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Zotob arrests throws open trade in compromised PCs

Diabl0-ical

Internet Security Threat Report 2014

One of two men arrested last week over the Zotob worm outbreak has been linked to the creation of 20 other viruses.

Farid Essebar, 18, a Russian-born Moroccan resident, was arrested by investigators last Thursday, less than two weeks after Zotob worms exploited recently-discovered Windows flaws to disrupt high profile organisations around the world. Essebar was allegedly paid by his supposed accomplice, Atilla Ekici, to create the worms. Ekici has been arrested in Turkey by police investigating the case.

Essebar is believed to use the nick-name "Diabl0", a phrase embedded inside the Zotob-A worm. Sophos researchers have determined that over 20 other viruses include the "Diabl0" handle, including numerous variants of the Mytob worm (a code cousin to Zotob) as well as a MyDoom variant, MyDoom-BG.

"Until the authorities recover source code from the suspect's computers there won't be any hard evidence but the use of the 'Diabl0' handle is circumstantial evidence of linkage. Virus writers tend to sign their work like graffiti artists," said Graham Cluley, senior technology consultant at anti-virus firm Sophos.

"To the untrained eye the Mytob and Zotob worms can appear quite different: one group of viruses travels via email, the other mostly by exploiting a Microsoft security hole. But when examined by an experienced virus analyst, the similarities become clear. It appears whoever wrote Zotob had access to the Mytob source code, ripped out the email-spreading section and plugged in the Microsoft exploit," he added.

Sophos reckons several people have access to the Mytob source code - so last week's arrest will at best only slow down rather than curtail the production of fresh variants. Anti-virus firm F-Secure agrees with Sophos that Diabl0 is the likely author of several of the Mytob variants since February this year. "However, he's not behind all of them," said Mikko Hyppönen, director of anti-virus research at F-Secure. "There's around 70 known variants of Mytob and practically all of them create botnets of the infected machines. Some of these botnets have been controlled by unrelated groups, such as Blackcarder."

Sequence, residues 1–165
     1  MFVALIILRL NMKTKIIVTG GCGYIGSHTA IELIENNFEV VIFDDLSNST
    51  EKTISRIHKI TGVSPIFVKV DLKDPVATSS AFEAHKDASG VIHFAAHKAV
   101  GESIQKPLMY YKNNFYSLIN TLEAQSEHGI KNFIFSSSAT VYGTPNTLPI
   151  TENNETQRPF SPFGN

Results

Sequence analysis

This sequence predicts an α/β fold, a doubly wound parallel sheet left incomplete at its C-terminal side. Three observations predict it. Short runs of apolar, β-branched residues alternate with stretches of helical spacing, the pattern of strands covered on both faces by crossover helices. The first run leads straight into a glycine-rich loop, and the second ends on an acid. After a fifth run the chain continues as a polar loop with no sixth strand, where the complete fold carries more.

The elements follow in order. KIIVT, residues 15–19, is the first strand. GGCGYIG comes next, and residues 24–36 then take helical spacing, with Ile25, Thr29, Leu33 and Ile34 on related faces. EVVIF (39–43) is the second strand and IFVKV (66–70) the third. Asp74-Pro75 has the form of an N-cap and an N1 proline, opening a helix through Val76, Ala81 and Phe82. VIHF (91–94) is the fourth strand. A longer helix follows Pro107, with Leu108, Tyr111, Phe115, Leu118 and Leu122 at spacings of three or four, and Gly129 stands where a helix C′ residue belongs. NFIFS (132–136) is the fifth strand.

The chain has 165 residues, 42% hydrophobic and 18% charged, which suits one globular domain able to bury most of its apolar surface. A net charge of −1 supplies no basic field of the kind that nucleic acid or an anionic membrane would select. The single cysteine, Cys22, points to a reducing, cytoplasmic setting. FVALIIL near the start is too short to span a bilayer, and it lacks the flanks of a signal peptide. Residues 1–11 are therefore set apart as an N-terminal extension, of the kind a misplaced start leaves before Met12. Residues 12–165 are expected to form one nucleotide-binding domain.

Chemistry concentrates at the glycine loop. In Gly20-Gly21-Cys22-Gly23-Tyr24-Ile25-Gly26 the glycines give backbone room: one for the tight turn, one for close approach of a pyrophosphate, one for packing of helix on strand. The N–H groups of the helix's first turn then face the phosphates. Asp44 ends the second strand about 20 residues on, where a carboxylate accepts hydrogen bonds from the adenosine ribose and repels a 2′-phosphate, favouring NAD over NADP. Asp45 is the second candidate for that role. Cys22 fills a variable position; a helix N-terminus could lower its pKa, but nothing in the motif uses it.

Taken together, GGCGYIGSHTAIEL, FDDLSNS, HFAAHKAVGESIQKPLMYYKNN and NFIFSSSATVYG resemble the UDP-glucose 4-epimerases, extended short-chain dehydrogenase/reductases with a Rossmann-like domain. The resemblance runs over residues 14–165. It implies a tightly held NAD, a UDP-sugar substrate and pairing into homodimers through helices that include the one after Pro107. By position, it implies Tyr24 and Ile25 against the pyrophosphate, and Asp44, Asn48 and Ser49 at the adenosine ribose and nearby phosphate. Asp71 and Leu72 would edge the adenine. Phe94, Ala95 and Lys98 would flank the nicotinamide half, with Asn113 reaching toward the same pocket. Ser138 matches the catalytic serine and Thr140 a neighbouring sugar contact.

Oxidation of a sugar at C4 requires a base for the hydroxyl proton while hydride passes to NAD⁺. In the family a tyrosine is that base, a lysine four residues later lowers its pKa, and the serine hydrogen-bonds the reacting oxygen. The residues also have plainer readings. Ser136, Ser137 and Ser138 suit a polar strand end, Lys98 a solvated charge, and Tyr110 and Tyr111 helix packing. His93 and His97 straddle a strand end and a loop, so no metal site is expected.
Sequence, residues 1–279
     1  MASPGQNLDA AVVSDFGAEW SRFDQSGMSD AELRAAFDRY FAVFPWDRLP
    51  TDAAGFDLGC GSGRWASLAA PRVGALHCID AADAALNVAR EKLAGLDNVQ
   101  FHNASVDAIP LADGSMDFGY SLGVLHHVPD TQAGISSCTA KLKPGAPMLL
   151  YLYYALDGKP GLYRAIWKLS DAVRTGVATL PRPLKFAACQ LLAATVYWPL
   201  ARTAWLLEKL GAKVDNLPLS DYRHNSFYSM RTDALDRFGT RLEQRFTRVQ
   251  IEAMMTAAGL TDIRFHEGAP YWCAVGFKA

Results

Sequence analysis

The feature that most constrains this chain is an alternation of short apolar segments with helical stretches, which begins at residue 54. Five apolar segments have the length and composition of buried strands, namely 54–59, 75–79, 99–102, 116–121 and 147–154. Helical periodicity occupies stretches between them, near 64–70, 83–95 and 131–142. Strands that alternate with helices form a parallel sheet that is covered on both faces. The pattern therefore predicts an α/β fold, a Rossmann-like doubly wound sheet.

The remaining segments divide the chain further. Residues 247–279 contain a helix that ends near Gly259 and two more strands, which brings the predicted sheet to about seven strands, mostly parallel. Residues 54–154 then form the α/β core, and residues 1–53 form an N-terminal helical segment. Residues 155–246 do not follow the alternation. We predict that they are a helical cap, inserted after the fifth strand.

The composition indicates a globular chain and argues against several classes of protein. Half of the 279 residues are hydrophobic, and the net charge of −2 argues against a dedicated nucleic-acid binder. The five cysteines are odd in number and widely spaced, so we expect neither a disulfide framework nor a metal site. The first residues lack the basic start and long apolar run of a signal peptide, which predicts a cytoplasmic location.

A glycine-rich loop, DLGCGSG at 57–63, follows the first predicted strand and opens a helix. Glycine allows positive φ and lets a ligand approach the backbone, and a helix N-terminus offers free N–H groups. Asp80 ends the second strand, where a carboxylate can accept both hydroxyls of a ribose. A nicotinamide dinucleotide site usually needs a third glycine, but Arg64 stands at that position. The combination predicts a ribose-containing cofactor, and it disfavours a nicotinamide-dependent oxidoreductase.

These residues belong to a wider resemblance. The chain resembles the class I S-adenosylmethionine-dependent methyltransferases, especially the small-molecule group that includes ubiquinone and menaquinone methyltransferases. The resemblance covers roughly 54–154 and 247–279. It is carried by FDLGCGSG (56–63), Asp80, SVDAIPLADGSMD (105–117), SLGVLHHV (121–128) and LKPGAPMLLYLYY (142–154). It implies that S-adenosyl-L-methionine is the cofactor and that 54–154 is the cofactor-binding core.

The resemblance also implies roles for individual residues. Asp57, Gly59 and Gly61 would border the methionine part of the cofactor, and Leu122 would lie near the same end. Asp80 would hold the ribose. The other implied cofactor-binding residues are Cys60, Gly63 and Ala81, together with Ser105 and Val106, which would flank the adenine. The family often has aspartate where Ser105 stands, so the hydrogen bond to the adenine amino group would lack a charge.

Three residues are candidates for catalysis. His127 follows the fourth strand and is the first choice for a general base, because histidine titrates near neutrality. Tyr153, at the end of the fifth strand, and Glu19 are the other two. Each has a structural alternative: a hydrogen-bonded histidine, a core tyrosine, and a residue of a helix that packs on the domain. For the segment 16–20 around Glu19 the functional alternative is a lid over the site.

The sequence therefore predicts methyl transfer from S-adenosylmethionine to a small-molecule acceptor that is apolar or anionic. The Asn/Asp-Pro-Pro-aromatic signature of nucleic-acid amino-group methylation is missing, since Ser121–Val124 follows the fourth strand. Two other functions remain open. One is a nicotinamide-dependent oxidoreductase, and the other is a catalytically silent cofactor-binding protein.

F-Secure has found Mytob variants written after Essebar's arrest, backing up their theory that multiple virus authors are involved in distributing the malware strain. But there's little doubt "Diabl0" is a significant player. Some earlier Mytob variants downloaded additional components from a site associated with the 0x90-Team, an underground gathering site for bot authors. "Diabl0 aka Farid Essebar was associated with 0x90-Team," Hyppönen writes in an entry to F-Secure's weblog which notes the 0x90-team.com was defaced last weekend by hackers objecting to the activities of bot authors.

Earlier this month separate groups of hackers released a barrage of worms in a battle to seize control of Windows PCs that remain vulnerable to the now infamous Windows Plug-and-Play vulnerability exploited by Zotob. Fragments of evidence suggest a group called m00p is creating IRCBot variants that compete with Zotob variants created by 0x90-Team over the control of vulnerable Windows PCs. ®

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